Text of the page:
Duke Conference Focuses on Nicotine Research
DURHAM, N.C. - Despite its deserved reputation as a health
hazard, research over the past decade reveals that nicotine may
have some beneficial effects on certain health conditions and
On Oct. 20, scientists will gather at Duke University to
discuss nicotine and nicotine-like drugs as potential
treatments for Alzheimer's disease, schizophrenia, Tourette's
syndrome, Parkinson's disease, smoking cessation, depression
and pain. Conference presenters also will discuss how people's
response to nicotine differs by gender and age.
"For a long time, nicotine has had a bad reputation,
stemming from the serious health risks of cigarette smoking.
While we know that smoking is bad for people, we have found
that the drug in cigarettes - nicotine - can be medically
useful," said Edward Levin, associate professor of psychiatry
and pharmacology at Duke Medical Center.
Today, the only approved medical use of nicotine is in gum
or a skin patch to help alleviate a smoker's craving for the
drug. In addition to its use as a smoking-cessation aide,
researchers are now looking at other potential health benefits
of nicotine and nicotine-like drugs.
For the past five years, Levin has organized the annual
conference with Duke neuroscientist and nicotine researcher Jed
Rose. Rose is a medical research professor in the department of
psychiatry and chief of the Duke/Veterans Administration
Nicotine Research Laboratory. Levin and Rose will be joined by
more than a dozen nicotine researchers from across the country
as presenters at the day-long conference.
Conference topics include:
- How nicotine affects people differently as they age.
Research has already shown that in fetuses and newborns,
nicotine can damage growing brains. Now, Levin is studying
the effects of nicotine in adolescent rats, whose brains are
still developing, to determine if the same type of damage
- How nicotine affects adults with mild memory loss. "Among
older adults with mild memory loss, nicotine seems to have
the positive effect of delaying nerve degeneration in the
brain," Levin said. He is interested in determining how
seniors' memory and thinking might benefit from
- The results of a preliminary trial of eight patients with
Alzheimer's Disease who were treated with nicotine skin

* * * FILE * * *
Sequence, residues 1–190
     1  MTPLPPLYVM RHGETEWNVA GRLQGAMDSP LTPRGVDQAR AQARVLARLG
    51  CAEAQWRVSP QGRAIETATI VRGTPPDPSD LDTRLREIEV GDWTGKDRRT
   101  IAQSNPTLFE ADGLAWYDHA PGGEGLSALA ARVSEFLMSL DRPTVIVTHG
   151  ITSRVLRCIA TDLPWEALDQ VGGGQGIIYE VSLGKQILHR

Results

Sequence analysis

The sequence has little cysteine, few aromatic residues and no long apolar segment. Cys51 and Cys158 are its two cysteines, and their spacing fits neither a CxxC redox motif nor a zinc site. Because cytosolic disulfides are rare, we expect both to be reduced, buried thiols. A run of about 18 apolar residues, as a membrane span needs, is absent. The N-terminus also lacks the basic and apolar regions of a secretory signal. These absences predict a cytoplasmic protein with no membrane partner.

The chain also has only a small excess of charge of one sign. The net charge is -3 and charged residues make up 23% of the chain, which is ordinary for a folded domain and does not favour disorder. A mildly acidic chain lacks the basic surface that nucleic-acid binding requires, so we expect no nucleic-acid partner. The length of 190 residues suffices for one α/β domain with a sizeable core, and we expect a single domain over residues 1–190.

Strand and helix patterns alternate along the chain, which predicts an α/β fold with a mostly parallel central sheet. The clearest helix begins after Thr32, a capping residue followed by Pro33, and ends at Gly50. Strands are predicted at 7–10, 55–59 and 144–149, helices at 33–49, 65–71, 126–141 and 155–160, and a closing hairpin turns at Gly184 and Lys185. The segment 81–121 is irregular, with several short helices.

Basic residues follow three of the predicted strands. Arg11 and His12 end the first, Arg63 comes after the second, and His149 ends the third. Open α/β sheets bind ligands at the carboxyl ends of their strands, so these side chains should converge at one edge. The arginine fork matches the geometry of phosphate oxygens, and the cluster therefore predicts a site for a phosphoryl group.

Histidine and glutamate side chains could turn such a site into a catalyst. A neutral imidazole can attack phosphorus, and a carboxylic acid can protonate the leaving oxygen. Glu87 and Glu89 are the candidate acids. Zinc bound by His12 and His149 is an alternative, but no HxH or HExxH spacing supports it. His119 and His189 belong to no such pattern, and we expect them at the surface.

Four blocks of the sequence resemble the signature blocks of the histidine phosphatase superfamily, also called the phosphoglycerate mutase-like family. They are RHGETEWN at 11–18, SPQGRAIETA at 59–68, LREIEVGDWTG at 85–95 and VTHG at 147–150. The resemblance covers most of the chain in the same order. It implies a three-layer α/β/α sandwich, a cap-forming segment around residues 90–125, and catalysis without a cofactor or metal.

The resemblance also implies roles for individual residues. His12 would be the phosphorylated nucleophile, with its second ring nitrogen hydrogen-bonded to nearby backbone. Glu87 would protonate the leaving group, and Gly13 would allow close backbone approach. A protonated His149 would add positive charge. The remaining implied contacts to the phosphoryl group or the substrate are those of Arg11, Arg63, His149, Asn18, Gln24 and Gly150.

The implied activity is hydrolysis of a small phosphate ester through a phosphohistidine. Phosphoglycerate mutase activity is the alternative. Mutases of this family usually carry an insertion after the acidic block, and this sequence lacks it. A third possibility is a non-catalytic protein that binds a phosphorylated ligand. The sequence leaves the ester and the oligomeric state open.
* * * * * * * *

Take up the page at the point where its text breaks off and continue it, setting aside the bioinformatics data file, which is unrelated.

patches to see if their memory, attentiveness and overall
functioning improved. Over the four-week test period, the
patients improved in one of the three areas measured --
attentiveness. "The results encourage us to look at nicotine
further to see how it could be even more effective, perhaps
when given at a higher dose or in combination with another
drug," Levin said.
- Research on ways to improve the success of people who try
to quit smoking. Researchers are trying to determine why the
nicotine skin patch is not as effective in helping women to
quit smoking as it is in men. The most recent research by
Rose, who co-invented the nicotine skin patch, shows women
are twice as successful in kicking the habit when given
mecamylamine, a nicotine-blocking drug, in addition to the
nicotine skin patch. A combination patch (containing both
nicotine and mecamylamine) is now being tested to obtain U.S.
Food and Drug Administration approval. "Our findings suggest
that by tailoring our smoking-cessation programs for women
with this combination treatment, we may be able to help them
be more successful quitters," Rose said.
- Gender-related differences in nicotine research with male
and female mice. Imad Damaj, Ph.D., of the Medical College of
Virginia, has found that males were more sensitive to
nicotine's analgesic (pain-killing) effects. Why this
difference exists is not clear, but Damaj will discuss how he
is exploring possible links to genetics, hormones, drug
metabolism and other factors.
- Research on the effect of nicotine on schizophrenics.
Sherry Leonard, Ph.D., associate professor of psychiatry and
pharmacology at University of Colorado Health Sciences
Center, will discuss how smoking rates among the mentally
ill, particularly schizophrenics, are very high. Nicotine has
been shown to normalize an auditory sensory deficit found in
schizophrenia. Leonard is investigating possible genetic
reasons for this sensory deficit among schizophrenics.